THE STATE SHALL ENDEAVOR TO BRING ABOUT PROHIBITION OF CONSUMPTION OF INTOXICATING DRINKS BEER INDUSTRY ONE OF THE LARGEST CONTRIBUTOR TO STATE REVENUES .GOVERNMENT REGULATIONS:IMPACTS HIGH BUDGET FOR PROMOTIONAL ACTIVITIES AND COMMISSION TO RETAILERS DISCOUNTS ACCORDING TO THE INDIAN CONSTITUTION.

STATE GOVERNMENT CANNOT AFFORD TO LOSE THIS REVENUE CONTRIBUTOR STATE GOVERNMENTS UNLIKELY TO LOWER CONTROLS ON MANUFACTURING AND SELLING BEER IN SHORT TO MEDIUM TERM .STATE GOVERNMENT REGULATIONS DIFFICULT TO ENFORCE PROHIBITION AGAINST THE NATURE OF DEMAND FOR BEER SINCE HUGE POWER SUBSIDIES AND FIFTH PAY HAVE WEAKENED STATE FINANCES.

CHALLENGES FOR MANUFACTURERS SUPPLY CHAIN Address commodity price volatility Manage expanding portfolio of multiple variants of different products/ (SKUs) and eliminate non-profitable variants Comply with government regulations in batch management and traceability requirements Accurately understand the complexities of working in emerging markets and the high cost to serve variation between urban and rural markets .

INTER -STATE TRANSFER FEES ON MOLASSES MOST STATES HAVE LEVIED TAXES ON IMPORT OF MOLASSES PROFITABILITY FOR BEER MANUFACTURES DISTRIBUTION AT THE DISCRETION OF STATE GOVERNMENTS LOWER LICENSE .

Distribution channel characteristics .

Road to beer market in India The unrestricted import of alcohol has been allowed by the Indian government for more than five years now. plus the old ones who had stopped importing due to stringent laws. heavy duties and a restricted market. now expanding at over 30% a year. . The number of Beer importers has increased from about 35 a couple of years ago to nearly 80 and will soon touch 100 if one considers the many new arrivals.

The bonded warehouses are the initial barriers. Excise bonded warehouses and a license is required in each state. requiring considerable financial investment and bank guarantees. Brands have to register each label individually. and pay a hefty annual license fee. .Distribution Restrictions The Barriers to import remain high.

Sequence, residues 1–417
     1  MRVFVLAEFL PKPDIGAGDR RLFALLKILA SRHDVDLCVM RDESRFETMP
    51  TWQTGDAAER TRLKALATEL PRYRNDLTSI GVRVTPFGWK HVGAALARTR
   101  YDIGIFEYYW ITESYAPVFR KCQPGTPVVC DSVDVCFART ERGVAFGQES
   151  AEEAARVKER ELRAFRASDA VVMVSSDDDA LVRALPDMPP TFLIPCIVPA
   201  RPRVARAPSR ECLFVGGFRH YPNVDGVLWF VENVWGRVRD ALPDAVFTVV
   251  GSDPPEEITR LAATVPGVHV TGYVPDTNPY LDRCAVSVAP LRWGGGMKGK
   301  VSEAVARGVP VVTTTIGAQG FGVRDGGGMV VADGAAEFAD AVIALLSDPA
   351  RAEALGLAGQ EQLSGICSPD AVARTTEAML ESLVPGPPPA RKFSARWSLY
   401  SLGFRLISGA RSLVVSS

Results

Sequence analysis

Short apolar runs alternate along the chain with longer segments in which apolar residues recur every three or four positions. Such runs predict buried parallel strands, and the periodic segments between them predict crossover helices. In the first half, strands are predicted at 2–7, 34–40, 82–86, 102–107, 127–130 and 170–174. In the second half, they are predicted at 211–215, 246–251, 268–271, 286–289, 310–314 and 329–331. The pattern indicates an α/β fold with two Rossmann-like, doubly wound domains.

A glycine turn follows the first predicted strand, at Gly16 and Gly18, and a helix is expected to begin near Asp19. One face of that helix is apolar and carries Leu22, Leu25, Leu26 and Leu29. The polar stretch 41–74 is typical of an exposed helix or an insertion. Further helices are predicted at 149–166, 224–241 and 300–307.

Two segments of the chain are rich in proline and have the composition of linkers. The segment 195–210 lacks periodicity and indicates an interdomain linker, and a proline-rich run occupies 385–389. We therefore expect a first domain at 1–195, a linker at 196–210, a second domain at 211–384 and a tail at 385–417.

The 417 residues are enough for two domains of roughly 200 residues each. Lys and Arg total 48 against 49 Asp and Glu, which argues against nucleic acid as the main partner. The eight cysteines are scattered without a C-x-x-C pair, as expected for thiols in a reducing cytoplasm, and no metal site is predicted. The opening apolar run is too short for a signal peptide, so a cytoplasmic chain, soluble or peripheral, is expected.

Yet. . even though the market isn‘t big enough for everyone to thrive. who are generally forced to use the services of existing bonders. who is obliged to rent these services. The commission payable for these two services alone varies between 10-20% of the cost of wine. This affects the viability of the small importer. there are few exits and the number of importers is steadily going up.These two restrictive measures set a sufficient barrier to new entrants. the new importers are making a place for themselves: At the break even of 1200-1500 cases sold annually.

The states of Maharashtra. . Haryana. paving the way for continuous growth through these channels. More states are allowing sales through easier channels like supermarkets. Karnataka. Delhi is still restrictive. while stores that sell only wine and beer are given cheaper licenses. Goa and Punjab have a liberal retail policy.Distribution Pattern Sales are controlled by each state individually.

. Each state requires wholesalers to have their own excise license. The state of Haryana allows retail sales through a license issued annually through the drawing of lots. with the retail sector expanding during the current year.Such policies are likely to change the market trends. The importers and distributors must sell their products through these wholesale licensees. but the retailer must buy through wholesalers who have to get a separate license.

and Indian beer producers like Champagne Indage and Sula stepping up imports. With giants like UK‘s Berkmann Cellars. UB. . and Diageo entering the market. the distribution hierarchy is expected to undergo an overhaul.

RECENT NEWS IN BEER INDUSTRY .

Carlsberg Elephant. -> Carlsberg India has the following beer portfolio: Carlsberg Green.its signature French premium beer. Tuborg green. Tuborg strong.Recent Events in Beer Industry  Carlsberg to expand its beer portfolio in India: -> The company has announced the launch of Kronenbourg. . Palone 8. Tuborg Booster strong.

Pune. Carlsberg India is the third largest brewer in India. Chandigarh and Ludhiana. Mumbai. Carlsberg India has achieved the market share of 7. Chennai. Kolkata and Bangalore and Hyderabad.Today . Gurgaon. Goa and Pondicherry. In the first phase of its launch Kronenbourg will be available across 14 cities including Delhi.8 market share on YTD. Thane. . Amritsar.